The rise of Laura Doggett has been a firm yet fiery ascent, a process of discovery, a gathering of strength that in the force of her debut record reveals her to be one of Britain’s most gifted and emotionally articulate young artists.
“I don’t think I began to know my voice until I was 18,” she says. “I didn’t know its different timbres, different tones. I was still contained. And suddenly I realised the possibility of a computer and a microphone. That you can make such beautiful sounds. It was total freedom.”
Doggett’s beginnings were not illustrious — small-town life in the West Country, studying music, singing piano ballads, winning local songwriting competitions. But two years ago there was a demo that passed hands — from band managers to A&Rs to record company executives in London, that showed a young singer with a startling talent and an extraordinary voice: smoky, rich, compelling.
In the months that followed, Doggett underwent an education, immersing herself in music, experimenting, learning the craft of songwriting; the weeks full, she recalls, of “all these experiences, of people just saying little things that have opened my mind.”
Doggett’s vocal gift was never in question. “People tell me ‘You sound like nobody else’ I just think OK, now I want to use that in a way that affects people, rather than just waste it. Because if I can make people listen to something, then I should say something.” Part of what sets Doggett apart from any of her pretty-lunged peers is that her voice is not only her instrument, it also sits right down in the roots of her songwriting, that it lies in the grain of her lyrics. As dazzling as they are to listen to, these are protest songs as much as pop hits, impassioned pleas to consider the way we treat the world and each other. “For me, music is the way to spread a message,” she explains. “It’s not me playing some kind of piano trill, it’s all about the lyrics for me, and always has been. I like writing about the world.”
For years Doggett railed against the limitations of a small town, always craving more, she says, than a life of lowered horizons and the easy escapes of drink and drugs and teenage sex. “I felt ‘everyone is doing things I don’t want to do’,” she remembers. “I was so determined to do music,” she says, “and I was scared of anything that would stop me singing.” These are, accordingly, songs that defy “all the people who oppressed me and made me feel small. It’s about saying I want more. It’s about respecting yourself and knowing where you want to go. I never had a doubt that I would make happen what I wanted to happen, and I didn’t want anything else.”
Doggett recalls one particularly tough day in her teenage years, when in an effort to cheer her up, her father gave her Tracy Chapman’s first album. “And it was kind of a revelation,” she remembers. “It was her lyrics — the idea of Talking About a Revolution, of social change, of saying the government was disregarding her, but of making that commercial so that everyone could listen to it. She’s bold and she’s not scared to write about the stuff that matters. I felt she was the epitome of someone who had something important to say, and wasn’t going waste that. And I realised then that this was what I wanted to be.” She wrote the lyrics for new single, Moonshine, while still at college, frustrated by the limitations of her music course and the frequent arguments that ensued with her tutor. “It’s about each person’s struggle, and each person’s form of escape,” she says.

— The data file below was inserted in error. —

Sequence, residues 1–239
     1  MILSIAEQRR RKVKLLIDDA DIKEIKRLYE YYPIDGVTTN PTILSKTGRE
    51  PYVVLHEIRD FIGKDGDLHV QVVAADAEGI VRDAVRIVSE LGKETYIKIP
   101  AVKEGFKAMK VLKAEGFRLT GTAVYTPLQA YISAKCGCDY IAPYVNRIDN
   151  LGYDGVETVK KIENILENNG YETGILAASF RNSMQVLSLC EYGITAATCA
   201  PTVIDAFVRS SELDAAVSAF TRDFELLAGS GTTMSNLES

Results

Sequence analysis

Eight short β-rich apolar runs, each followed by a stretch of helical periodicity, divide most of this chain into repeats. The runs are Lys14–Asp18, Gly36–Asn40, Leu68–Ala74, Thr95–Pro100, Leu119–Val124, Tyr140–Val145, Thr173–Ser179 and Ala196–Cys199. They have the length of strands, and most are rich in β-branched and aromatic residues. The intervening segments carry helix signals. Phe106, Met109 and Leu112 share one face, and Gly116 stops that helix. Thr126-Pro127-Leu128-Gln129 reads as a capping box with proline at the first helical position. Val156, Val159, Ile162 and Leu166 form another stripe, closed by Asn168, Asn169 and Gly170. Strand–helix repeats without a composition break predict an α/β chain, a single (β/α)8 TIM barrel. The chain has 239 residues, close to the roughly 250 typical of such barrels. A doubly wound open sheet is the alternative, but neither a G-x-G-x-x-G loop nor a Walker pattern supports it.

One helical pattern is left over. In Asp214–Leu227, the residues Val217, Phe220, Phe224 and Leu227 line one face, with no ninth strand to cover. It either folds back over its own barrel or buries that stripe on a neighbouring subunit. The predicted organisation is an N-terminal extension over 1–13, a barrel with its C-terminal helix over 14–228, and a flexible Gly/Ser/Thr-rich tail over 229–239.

“Moonshine is that idea for me, that’s my idea of escape. It’s really about the importance of escapism.” Doggett’s hope now is that her music might offer an escape for its listeners but also encourage strength. “I really want my album to be empowering,” she says. “There are all kinds of different musical styles on this album, there are catchy songs, and there are sad songs, but it’s about the lyrical content. I want everyone to understand that my music is about the expression and emotion. I want it to sound unique but I also want it to be powerful.”
Working with songwriter and producer SOHN in Los Angeles earlier this year only strengthened Doggett’s resolve. She had gone into the studio that day with an idea for a song about a phoenix rising from the ashes. “And slowly it evolved into this whole idea of how music changes me as a person,” she recalls. “How music changes how I see the world and how I talk to people. How it engulfs me.” The song that resulted from this session — a soulful, stripped-back blurring of voice and electronics — is not only one of the most stunning songs of the year, it also serves as something of an anthem for Doggett herself. When she looked back then over the distance she had travelled as an artist and as a young woman, when she saw the trajectory and the trail, she was filled with a sudden realisation: “With this feeling that I’d changed a lot,” she says. “I saw that through this time I’d grown into a stronger, better version of myself. And I saw how music had come to embody me.”